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The Birth of Tenley Harper | My First Birth Story!

winnipeg birth photographer

Getting personal here today on the blog with the birth story of my oldest. When I sat down to write this story initially it was an incredibly healing experience. Her birth didn’t go exactly how I thought it would in my plans, but being able to write out the entire thing, every detail, every moment, helped me to process the good in it too. Looking through all the photos as I wrote allowed me to see the little blessings I’d missed— how amazing my care team was, the love of my husband and doula, and also be able to recognize how freaking strong I’d been!

Today I want to share that with you. As birth workers, we bring our stories and experiences into each birth we attend. And I try hard to keep an honest and open relationship with each of my families. I believe that being authentic with you, makes it easier for you to be vulnerable and trust in me.

I went in to Tenley’s birth already having been a doula for several families, and having studied pretty much everything I could get my hands on regarding pregnancy and birth. While I was disappointed not to get a midwife, we chose a doctor that I felt respected my autonomy, I had a friend offer to be my doula and birth photographer, and through it all, my husband was my rock- keeping me balanced, positive and comfortable in those overwhelmingly un-comfortable last days of pregnancy. I was ready.

She decided to buck tradition and be one of those rare babies with whom labour start with one Big Bang- or a gush rather! I got up after midnight to head for a regular bathroom break, and before I got there, my water broke all over the floor. I was so excited! We cleaned up, and before I could climb back into bed (I wanted to rest until things picked up), I realized that the contractions had actually started immediately. I was already sitting about 4-5 minutes apart. It was happening!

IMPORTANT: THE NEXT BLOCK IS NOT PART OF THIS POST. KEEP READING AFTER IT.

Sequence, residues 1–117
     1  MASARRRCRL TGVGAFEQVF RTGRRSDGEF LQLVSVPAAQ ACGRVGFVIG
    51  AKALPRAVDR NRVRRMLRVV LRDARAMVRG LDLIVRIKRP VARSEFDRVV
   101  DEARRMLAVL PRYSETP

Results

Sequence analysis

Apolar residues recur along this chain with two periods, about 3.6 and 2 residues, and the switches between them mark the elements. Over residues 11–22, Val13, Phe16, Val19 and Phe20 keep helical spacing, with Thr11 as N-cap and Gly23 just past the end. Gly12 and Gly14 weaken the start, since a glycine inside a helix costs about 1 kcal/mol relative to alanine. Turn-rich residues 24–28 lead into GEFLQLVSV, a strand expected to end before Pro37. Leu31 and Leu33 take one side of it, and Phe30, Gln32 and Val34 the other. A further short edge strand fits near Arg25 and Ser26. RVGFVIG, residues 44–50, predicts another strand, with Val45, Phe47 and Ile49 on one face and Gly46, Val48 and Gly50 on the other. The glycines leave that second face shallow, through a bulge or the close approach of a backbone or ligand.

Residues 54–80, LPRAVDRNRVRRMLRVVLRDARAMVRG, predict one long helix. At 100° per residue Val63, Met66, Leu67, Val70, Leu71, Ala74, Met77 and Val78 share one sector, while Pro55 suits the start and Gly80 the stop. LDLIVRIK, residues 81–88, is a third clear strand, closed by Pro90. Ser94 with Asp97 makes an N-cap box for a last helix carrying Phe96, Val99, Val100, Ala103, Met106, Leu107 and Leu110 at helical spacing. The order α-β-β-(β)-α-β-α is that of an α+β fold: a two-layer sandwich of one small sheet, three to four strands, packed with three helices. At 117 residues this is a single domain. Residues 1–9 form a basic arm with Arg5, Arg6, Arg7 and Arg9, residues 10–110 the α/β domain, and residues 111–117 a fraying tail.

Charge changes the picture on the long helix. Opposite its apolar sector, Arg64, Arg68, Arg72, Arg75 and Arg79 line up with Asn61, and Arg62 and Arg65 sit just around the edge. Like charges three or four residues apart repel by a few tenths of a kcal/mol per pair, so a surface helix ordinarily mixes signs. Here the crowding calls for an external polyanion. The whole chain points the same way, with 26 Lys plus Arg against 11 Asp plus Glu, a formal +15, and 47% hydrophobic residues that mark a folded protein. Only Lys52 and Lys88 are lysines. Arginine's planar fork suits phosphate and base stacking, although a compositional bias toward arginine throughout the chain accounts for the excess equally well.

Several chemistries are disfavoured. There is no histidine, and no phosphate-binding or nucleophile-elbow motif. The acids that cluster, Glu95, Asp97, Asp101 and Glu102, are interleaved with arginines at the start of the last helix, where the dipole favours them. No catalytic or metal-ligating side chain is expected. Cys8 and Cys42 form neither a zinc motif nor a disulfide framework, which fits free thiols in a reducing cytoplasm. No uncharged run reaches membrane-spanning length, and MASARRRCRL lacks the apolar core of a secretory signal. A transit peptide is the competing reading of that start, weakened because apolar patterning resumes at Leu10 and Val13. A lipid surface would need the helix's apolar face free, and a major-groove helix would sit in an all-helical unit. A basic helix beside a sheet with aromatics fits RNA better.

We started to putter around the house, getting dressed, finishing packing our hospital bags. I sat for a bit in the nursery, just centering myself. We decided to head to the hospital around 3:30am. I was really torn- my contractions were between 3-4 minutes already, and almost a minute long and had been for a couple hours... but they didn't seem super intense. Still, I have a family history of quick labours, so we decided better safe than sorry. In hindsight, I wish I'd waited until they were much harder to cope through. We arrived at the hospital and were checked into triage around 4:30am. I was happy and disappointed to hear that I was 4-5cms. Happy they would get me a room, but a little disappointed I wasn't further along. They had issues with staffing on the low risk side of LDRP, so I was given a room in the "High risk" L&D to start out. My heart sank. It was my first true understanding of how much your environment can affect your mental state and coping. Thankfully we had an amazing nurse who offered us the use of a walk in shower in one of the LDRP rooms, as long as we came back to L&D for our checks when needed. Done.

We were down the hall like a flash, and the shower was exactly what I needed. I laboured there from about 6am-800am. Once in the shower I was able to block out everything else and just focusing on releasing my body during each contraction. The time flew by as I closed my eyes and focused on the sounds and feelings of the water hitting my tired body. Around 8am, shifts had changed and a new nurse came to the room to let us know we had to go back and get assessed again. It took me so long to work up the drive to leave the shower. I was worried about leaving my happy place. We eventually made it down the hall, and crawled onto the bed to be checked. This new nurse was not as wonderful as my initial one had been, and I feel like my entire experience changed with her. I tried to lay still for the ten minute heart rate strip they needed, but I felt myself losing control. I was no longer able to easily cope through the rushes, and felt panicky. Eventually I was able to get out of bed to try different positions, and thankfully my doula/photographer arrived as well. Having her there helped me feel stronger-- like I had more people on my side, and our little team could stand up for my rights and wishes.